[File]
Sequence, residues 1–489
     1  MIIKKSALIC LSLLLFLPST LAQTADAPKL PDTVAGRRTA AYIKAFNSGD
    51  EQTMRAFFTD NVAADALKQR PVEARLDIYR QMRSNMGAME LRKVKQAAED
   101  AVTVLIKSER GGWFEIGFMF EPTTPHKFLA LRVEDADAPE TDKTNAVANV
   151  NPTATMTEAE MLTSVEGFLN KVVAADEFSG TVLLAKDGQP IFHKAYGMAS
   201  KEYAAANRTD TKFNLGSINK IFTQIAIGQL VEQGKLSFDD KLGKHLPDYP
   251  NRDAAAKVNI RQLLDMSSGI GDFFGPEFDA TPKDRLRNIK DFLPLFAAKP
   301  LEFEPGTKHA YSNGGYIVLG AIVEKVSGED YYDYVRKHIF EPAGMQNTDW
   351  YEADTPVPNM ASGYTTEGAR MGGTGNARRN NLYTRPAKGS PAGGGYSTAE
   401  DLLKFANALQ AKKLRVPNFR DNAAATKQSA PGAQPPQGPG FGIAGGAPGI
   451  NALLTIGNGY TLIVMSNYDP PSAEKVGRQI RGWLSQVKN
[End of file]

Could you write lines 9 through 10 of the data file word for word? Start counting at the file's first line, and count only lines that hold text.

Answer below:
   351  YEADTPVPNM ASGYTTEGAR MGGTGNARRN NLYTRPAKGS PAGGGYSTAE
   401  DLLKFANALQ AKKLRVPNFR DNAAATKQSA PGAQPPQGPG FGIAGGAPGI